And then Judge Paez said, "The same principle applies to judges. We take an oath of office. At the federal level, it's a very interesting oath. It says, in part, that you promise or swear to do justice to both the poor and the rich.

"The first time I heard this oath, I was startled by its significance," he said. "I have my oath hanging on the wall in the office to remind me of my obligations. And so, although I'm a Latino judge -- and there's no question about that, I'm viewed as a Latino judge -- as I judge cases, I try to judge them fairly. I try to remain faithful to my oath."

What Judge Paez said has been a standard for 220 years. It correctly describes the fundamental and proper role for a judge.

Unfortunately, a very important person has decided it's time for a change, time for a new kind of judge, one who will apply a different standard of judging, including employment of his or her empathy for one of the parties to the dispute.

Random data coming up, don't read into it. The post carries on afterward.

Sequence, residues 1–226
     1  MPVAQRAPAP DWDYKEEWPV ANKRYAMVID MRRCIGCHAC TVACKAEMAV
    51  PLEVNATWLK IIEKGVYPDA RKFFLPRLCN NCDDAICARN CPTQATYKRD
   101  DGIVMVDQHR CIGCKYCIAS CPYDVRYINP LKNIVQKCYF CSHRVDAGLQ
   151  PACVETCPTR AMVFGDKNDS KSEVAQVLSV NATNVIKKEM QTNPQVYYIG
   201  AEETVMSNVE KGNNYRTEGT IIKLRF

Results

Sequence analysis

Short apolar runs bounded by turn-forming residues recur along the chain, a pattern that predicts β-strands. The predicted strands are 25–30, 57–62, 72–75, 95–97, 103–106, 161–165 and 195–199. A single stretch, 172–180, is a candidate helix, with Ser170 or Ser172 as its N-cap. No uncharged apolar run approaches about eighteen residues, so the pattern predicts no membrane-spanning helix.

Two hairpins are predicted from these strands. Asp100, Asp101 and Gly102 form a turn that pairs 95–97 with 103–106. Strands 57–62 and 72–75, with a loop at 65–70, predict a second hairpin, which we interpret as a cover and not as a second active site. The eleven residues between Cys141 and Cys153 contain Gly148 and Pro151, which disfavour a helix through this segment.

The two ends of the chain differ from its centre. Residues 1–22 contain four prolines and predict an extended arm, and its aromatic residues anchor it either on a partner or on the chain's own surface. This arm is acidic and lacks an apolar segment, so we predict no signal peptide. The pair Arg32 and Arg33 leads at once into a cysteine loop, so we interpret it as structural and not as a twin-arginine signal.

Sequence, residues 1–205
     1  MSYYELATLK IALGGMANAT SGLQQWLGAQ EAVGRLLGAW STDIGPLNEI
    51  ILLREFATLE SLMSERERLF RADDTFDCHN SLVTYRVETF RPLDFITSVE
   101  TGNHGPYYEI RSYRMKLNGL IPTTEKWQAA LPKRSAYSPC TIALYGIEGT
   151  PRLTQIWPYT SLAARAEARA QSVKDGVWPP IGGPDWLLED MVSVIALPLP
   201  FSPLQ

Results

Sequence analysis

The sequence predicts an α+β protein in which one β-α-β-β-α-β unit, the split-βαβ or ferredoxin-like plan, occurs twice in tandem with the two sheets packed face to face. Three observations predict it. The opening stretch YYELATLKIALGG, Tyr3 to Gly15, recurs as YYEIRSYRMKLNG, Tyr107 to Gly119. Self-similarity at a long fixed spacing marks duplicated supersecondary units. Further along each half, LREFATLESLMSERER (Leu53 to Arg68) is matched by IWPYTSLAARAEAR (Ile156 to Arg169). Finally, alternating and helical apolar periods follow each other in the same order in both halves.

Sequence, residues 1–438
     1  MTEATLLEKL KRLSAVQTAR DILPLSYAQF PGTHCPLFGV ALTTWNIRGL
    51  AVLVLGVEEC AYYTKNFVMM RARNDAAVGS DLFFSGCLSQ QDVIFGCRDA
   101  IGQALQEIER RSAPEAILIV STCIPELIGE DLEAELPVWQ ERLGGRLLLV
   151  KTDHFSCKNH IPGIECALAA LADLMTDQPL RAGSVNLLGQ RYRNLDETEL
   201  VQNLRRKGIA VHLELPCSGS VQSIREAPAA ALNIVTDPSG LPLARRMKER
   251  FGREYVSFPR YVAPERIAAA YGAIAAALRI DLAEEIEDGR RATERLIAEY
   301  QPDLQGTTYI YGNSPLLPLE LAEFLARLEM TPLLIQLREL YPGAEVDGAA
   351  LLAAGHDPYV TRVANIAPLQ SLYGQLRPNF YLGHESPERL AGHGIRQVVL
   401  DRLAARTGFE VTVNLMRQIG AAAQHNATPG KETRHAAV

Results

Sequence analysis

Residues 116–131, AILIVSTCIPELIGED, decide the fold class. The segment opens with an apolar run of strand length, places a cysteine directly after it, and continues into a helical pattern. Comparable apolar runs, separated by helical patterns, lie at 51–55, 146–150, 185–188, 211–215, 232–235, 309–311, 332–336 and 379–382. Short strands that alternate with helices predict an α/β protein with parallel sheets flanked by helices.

That person is President Obama. And the question before us is whether his first nominee to the Supreme Court follows his new model of judging, or the traditional model articulated by Judge Paez.

President Obama, in opposing the nomination of Chief Justice Roberts, said that, and I quote, while adherence to legal precedent and rules of statutory or constitutional construction will dispose of 95 percent of the cases that come before a court, what matters on the Supreme Court is those 5 percent of the cases that are truly difficult, and those 5 percent of hard cases that constitutional text will not be directly on point, the language of the statute will not be perfectly clear. Legal process alone will not lead you to a rule of decision.

How does President Obama propose judges deal with these hard cases? Does he want them to use judicial precedent, canons of construction and other accepted tools of interpretation that judges have used for centuries? No?

President Obama says, and I quote, that in those difficult cases, the critical ingredient is supplied by what is in the judge's heart.